Michigan could be the real winner of the Ways and Means game of musical chairs being played by Democrats.

With Rep. Sandy Levin (D) as the panel’s new chairman, Michigan now boasts the senior Republican and Democrat on one of the most powerful committee’s in Congress. Rep. Dave Camp (R-Mich.) is the panel’s ranking Republican.

That means that no matter who holds the majority of Congress next year, there’s a fair chance Michigan will be home to the Ways and Means chairman.

Camp congratulated Levin in a statement: “Sandy and I have had a long and good working relationship, especially when it comes to the Research and Development Tax Credit, and I expect that to continue.”

Levin’s rise is  good news for the state with the nation’s highest unemployment rate. It’s even better news for key constituencies, including U.S. automakers and auto workers.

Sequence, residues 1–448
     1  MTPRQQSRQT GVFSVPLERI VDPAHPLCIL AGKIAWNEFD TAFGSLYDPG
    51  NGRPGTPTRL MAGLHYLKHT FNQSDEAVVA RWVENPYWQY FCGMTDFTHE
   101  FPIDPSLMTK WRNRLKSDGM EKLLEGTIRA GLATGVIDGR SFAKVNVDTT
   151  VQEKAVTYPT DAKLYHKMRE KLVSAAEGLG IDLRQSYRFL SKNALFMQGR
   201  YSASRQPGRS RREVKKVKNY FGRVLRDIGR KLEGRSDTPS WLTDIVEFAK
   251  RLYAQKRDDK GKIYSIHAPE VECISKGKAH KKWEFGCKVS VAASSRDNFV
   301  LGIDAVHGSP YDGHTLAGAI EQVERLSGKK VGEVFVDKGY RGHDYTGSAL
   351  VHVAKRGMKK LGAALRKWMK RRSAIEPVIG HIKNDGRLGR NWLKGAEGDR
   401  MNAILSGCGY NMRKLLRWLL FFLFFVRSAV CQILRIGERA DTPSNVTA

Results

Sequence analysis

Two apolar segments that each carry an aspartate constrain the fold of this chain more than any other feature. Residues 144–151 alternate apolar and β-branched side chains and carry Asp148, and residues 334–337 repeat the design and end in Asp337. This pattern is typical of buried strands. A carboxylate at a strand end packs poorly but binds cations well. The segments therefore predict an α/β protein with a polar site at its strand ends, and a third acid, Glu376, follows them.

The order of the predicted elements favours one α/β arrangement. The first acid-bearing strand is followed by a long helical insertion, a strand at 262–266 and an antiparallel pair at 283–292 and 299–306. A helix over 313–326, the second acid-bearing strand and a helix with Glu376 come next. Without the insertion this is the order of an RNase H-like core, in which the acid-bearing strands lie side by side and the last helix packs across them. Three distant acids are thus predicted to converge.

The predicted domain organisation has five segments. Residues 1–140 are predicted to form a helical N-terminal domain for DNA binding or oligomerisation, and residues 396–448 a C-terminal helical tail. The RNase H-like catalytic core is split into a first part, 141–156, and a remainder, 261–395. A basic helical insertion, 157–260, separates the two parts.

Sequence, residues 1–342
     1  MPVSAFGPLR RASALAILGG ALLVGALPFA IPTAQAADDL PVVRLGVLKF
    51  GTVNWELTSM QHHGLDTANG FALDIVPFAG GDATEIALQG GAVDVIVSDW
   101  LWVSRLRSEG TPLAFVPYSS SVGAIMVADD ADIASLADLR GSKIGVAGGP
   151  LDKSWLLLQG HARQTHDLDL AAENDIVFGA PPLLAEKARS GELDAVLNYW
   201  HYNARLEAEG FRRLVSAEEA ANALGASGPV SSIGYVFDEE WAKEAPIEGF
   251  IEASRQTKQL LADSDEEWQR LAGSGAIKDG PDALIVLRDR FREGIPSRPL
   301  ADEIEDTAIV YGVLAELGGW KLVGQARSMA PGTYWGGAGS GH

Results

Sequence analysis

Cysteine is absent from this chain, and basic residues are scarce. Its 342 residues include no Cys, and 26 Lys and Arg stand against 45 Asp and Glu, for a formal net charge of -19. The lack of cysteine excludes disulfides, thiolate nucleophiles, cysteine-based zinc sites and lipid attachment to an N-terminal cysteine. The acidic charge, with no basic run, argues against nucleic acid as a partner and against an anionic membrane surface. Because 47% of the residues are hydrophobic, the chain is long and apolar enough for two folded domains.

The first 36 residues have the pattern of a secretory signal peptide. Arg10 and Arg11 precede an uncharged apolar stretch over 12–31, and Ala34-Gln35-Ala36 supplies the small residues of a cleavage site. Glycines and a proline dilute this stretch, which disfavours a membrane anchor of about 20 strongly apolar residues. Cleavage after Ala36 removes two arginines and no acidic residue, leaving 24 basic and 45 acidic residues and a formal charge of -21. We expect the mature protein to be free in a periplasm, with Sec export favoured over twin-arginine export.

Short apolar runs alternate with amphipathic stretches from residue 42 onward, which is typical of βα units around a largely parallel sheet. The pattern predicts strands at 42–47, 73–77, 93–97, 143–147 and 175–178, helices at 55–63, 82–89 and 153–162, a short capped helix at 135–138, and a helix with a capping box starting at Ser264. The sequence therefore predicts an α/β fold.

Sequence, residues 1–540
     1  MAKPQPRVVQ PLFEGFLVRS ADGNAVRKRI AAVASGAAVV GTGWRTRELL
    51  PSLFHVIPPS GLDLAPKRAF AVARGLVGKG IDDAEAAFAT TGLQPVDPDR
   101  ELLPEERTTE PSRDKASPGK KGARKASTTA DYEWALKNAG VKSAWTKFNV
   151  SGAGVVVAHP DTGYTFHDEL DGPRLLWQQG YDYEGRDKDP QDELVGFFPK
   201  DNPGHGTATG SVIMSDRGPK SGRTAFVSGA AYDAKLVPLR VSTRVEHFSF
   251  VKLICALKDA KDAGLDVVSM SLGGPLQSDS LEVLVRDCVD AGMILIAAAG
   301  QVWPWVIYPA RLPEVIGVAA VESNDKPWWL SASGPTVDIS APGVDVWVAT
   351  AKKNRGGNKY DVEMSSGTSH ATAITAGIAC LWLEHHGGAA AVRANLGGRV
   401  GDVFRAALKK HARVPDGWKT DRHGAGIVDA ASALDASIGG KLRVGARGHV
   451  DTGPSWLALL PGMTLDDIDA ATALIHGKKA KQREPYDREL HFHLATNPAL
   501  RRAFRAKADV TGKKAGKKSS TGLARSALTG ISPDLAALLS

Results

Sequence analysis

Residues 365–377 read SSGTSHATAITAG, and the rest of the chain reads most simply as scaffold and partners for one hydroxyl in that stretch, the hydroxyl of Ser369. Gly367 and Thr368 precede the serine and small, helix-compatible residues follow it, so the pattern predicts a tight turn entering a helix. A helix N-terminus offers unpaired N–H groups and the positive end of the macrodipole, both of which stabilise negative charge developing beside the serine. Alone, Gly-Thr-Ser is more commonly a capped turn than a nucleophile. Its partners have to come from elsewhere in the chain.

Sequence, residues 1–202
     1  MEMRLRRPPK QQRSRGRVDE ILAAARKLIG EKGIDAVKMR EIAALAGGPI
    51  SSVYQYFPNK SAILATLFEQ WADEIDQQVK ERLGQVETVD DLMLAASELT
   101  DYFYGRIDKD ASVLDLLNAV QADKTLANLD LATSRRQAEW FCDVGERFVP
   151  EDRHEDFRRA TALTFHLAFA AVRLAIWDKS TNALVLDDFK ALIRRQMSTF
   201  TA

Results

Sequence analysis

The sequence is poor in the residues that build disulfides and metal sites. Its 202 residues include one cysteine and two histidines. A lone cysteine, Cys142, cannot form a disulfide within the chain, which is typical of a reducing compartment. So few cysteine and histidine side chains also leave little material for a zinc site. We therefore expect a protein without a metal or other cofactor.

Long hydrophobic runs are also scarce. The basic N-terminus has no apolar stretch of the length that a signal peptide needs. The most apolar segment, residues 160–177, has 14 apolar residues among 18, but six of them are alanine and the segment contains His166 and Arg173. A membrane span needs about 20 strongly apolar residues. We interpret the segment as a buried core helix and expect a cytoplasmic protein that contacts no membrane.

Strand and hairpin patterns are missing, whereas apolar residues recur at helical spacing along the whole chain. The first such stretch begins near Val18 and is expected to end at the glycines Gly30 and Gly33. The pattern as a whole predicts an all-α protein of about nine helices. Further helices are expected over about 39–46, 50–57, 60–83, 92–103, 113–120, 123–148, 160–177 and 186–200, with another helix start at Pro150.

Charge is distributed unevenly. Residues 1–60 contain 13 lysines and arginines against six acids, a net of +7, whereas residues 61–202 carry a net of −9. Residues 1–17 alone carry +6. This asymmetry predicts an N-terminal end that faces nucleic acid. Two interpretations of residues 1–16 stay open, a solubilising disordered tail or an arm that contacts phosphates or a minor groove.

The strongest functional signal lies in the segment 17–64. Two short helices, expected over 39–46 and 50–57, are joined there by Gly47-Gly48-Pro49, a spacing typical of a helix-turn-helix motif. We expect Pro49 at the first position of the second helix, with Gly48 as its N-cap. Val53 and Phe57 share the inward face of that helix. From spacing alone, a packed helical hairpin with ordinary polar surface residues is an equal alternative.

Levin's younger brother, Sen. Carl Levin (D-Mich.), the chairman of the Senate Armed Services Committee, also welcomed his sibling's move as a boon for the Great Lakes state.

“This is also a big day for Michigan," he said. "We know all too well how important it is to promote job creation and help the millions who have been hurt by this economic crisis. In his new role, Sandy will be well-positioned to pursue policies that can create jobs and bring opportunity to our families.”

Levin is only acting chairman of the committee. He takes over from Rep. Charlie Rangel (D-N.Y.), who is taking a temporary leave of absence until the House ethics panel completes investigating him.

But many believe it will be difficult for Rangel to ever reach the pinnacle of the committee again.

If Democrats retain their majority this fall, it’s also possible another member could challenge Levin for the chairmanship in the next Congress. Rep. Richard Neal (D-Mass.) long has been seen as a likely chairman of the committee.